Monday, November 30, 2009

Project 320

I am so excited to share Project 320 with you!
Please help us build an entire well in Africa this Christmas!

Head over to our blog, and follow along.
We'll keep you up to date with details on how you can help!

Might I add there are some MAJOR handmade giveaways involved.
This is going to be huge!
Trust me, you'll want to be a part of it.

Grab our button and spread the news!
Give the gift of life this year!

Sunday, November 29, 2009

Scarf Along | Finale

Here we go.
The final six steps to coziness:

1. Squaring up your scarf top.

After piecing together 16 squares, the edges of your long piece are bound to be somewhat jagged. Using your rotary cutter, even the whole thing out the best you can. The width should be uniform, down the entire length. Also, even out the two short sides so that they are nice & perpendicular to the long sides.

2. Piecing together your scarf backing.

First, be sure your reserved backing pieces match the width of your top.
Adjust if necessary.
Now, measure the length of your top. Mine measures 76".

If you used half yards and/or are using a flannel backing:

Divide total length in half, to get 'x'.
Add 'x' + 3/8", to = 'y'

Cut the length of your two backing pieces to = 'y'.
{example: (76/2) + 3/8" = 38 3/8": length for each piece}

With right sides together, sew raw edges (1/4" seam) at one of the short sides to create one long piece, about the same length as your top.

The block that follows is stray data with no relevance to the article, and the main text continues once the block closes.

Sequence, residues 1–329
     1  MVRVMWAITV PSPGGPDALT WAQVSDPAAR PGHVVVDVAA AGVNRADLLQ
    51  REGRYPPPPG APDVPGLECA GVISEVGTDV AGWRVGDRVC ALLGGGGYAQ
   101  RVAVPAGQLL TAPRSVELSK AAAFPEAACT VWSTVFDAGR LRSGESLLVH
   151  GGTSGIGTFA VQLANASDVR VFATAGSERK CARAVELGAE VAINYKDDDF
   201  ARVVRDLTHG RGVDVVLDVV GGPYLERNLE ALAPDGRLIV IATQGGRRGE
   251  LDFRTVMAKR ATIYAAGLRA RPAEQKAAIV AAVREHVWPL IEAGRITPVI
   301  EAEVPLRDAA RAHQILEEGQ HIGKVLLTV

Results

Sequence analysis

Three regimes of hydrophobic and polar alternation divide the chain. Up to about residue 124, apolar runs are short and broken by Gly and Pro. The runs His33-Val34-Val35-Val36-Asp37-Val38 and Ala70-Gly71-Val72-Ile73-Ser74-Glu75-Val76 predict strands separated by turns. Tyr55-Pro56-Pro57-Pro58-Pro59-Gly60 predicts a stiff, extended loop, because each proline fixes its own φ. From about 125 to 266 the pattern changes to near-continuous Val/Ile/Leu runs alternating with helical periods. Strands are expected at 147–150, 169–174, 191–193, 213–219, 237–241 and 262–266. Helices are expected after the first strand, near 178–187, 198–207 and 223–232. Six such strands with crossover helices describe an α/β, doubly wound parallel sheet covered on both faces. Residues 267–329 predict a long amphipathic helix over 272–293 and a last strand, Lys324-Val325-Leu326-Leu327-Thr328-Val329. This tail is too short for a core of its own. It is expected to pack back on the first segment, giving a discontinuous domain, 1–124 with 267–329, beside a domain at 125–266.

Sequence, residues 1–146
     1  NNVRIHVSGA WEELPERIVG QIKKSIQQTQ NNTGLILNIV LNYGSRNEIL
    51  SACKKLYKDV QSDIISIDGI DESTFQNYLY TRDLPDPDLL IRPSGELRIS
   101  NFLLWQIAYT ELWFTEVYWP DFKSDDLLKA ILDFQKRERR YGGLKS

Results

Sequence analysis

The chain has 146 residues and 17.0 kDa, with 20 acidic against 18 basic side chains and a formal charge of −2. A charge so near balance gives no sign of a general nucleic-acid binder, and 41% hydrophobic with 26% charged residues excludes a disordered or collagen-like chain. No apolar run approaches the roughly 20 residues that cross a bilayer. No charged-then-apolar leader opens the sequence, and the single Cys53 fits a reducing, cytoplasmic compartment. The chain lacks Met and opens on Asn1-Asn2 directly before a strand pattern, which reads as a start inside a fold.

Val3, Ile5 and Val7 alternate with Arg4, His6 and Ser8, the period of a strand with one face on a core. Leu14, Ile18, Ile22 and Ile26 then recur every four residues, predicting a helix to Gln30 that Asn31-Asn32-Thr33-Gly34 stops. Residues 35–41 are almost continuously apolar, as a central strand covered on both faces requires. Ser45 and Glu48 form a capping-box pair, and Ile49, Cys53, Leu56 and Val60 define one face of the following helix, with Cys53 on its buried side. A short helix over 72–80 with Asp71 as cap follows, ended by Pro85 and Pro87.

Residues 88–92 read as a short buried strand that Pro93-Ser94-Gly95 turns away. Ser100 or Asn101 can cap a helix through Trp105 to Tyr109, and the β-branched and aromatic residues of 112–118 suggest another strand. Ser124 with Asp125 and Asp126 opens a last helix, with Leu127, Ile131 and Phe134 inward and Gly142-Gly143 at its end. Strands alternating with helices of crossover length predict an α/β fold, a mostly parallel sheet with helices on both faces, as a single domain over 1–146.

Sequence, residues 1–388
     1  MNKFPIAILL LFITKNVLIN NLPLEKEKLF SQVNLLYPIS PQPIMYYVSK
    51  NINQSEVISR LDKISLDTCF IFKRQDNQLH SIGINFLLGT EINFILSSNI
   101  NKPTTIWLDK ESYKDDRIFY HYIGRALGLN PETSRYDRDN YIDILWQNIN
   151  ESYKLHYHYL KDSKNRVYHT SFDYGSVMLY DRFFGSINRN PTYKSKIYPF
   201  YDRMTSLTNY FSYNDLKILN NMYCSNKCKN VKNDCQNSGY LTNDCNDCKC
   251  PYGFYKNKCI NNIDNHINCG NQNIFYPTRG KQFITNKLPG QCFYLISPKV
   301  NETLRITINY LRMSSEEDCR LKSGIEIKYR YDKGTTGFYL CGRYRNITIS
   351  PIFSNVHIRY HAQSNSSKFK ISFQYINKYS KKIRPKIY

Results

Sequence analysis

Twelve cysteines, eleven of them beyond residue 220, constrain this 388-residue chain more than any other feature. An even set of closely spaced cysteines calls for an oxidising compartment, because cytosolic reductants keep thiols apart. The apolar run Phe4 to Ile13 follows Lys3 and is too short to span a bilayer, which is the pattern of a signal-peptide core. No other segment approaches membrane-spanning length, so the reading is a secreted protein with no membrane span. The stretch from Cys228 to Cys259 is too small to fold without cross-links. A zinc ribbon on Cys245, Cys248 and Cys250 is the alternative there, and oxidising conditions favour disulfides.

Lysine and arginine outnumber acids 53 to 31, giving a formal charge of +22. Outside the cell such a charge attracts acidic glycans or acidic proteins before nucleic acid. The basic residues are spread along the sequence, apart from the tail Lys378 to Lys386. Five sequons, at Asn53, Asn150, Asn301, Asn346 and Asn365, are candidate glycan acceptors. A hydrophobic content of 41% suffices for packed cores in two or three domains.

If you used FQs:

Divide total length by four, to get 'x'.
Add 'x' + 3/8", to = 'y'
then add 'x' + 3/4", to = 'z'

Cut the length of two of your backing pieces to = 'y'.
Cut the length of the other two pieces to = 'z'.
{example: (76/4) + 3/8" = 19 3/8": length for each END piece;
(76/4) + 3/4" = 19 3/4": length for each MIDDLE piece}


With right sides together, sew raw edges (1/4" seam) at the short sides to create one long piece, about the same length as your top.
{Remember to keep the slightly shorter pieces at either end, and the longer ones in the middle.}

Press the seams open.

3. Top and Backing become one.

Your backing should be a little longer than the top.
With right sides together, lay the top on the backing. Line up the short ends on one side, and get ready to feed the whole thing through the machine.

Sew along the entire raw edge (1/4" seam) of one long side. Backstitch at the beginning and end. Leaving the short ends open, continue to the other long side, and repeat.

You will have one long tube.

Flip the tube inside out, flatten, and press with your steamy iron.

While sewing, your fabric likely stretched a bit.
If your open sides are uneven, just trim them.

Turn inside each of the open ends 1/2", and press.

4. Ruffle it up.

The last of your reserved pieces are for the ruffled ends.
They should measure 7" by 10.5-10.75".

With right sides together, fold in half lengthwise, so it measures 3.5" by 10.5-10.75".
Stitch along both of the short sides (1/4" seam), leaving the long side- opposite the fold- open.

Flip it right-side-out, poke out the corners, and press.

Now, adjust the tension on your machine for gathering. I use #1, but you may want to experiment if you aren't sure. Basically you want very little to no tension. Your stitch length for gathering should be as long as possible. Mine goes up to #4.